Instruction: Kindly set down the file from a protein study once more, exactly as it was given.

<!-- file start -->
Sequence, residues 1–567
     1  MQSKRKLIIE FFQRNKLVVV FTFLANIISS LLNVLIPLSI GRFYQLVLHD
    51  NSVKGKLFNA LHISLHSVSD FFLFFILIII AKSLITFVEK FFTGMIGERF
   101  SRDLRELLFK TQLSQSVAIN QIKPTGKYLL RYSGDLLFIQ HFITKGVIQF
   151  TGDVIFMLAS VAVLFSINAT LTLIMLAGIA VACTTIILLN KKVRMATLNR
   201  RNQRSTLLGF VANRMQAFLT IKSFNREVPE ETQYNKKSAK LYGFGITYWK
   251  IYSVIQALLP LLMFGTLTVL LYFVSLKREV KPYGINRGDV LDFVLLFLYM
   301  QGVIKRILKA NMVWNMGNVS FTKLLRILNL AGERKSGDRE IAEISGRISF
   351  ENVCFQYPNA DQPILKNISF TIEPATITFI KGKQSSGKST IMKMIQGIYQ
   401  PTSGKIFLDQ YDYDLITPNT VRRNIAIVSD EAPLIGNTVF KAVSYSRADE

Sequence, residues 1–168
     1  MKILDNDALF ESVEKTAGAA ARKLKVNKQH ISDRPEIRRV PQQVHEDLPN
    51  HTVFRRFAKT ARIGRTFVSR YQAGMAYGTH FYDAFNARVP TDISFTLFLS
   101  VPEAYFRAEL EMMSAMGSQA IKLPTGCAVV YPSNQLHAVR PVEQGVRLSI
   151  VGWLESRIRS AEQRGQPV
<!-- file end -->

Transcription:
Sequence, residues 1–567
     1  MQSKRKLIIE FFQRNKLVVV FTFLANIISS LLNVLIPLSI GRFYQLVLHD
    51  NSVKGKLFNA LHISLHSVSD FFLFFILIII AKSLITFVEK FFTGMIGERF
   101  SRDLRELLFK TQLSQSVAIN QIKPTGKYLL RYSGDLLFIQ HFITKGVIQF
   151  TGDVIFMLAS VAVLFSINAT LTLIMLAGIA VACTTIILLN KKVRMATLNR
   201  RNQRSTLLGF VANRMQAFLT IKSFNREVPE ETQYNKKSAK LYGFGITYWK
   251  IYSVIQALLP LLMFGTLTVL LYFVSLKREV KPYGINRGDV LDFVLLFLYM
   301  QGVIKRILKA NMVWNMGNVS FTKLLRILNL AGERKSGDRE IAEISGRISF
   351  ENVCFQYPNA DQPILKNISF TIEPATITFI KGKQSSGKST IMKMIQGIYQ
   401  PTSGKIFLDQ YDYDLITPNT VRRNIAIVSD EAPLIGNTVF KAVSYSRADE

Sequence, residues 1–168
     1  MKILDNDALF ESVEKTAGAA ARKLKVNKQH ISDRPEIRRV PQQVHEDLPN
    51  HTVFRRFAKT ARIGRTFVSR YQAGMAYGTH FYDAFNARVP TDISFTLFLS
   101  VPEAYFRAEL EMMSAMGSQA IKLPTGCAVV YPSNQLHAVR PVEQGVRLSI
   151  VGWLESRIRS AEQRGQPV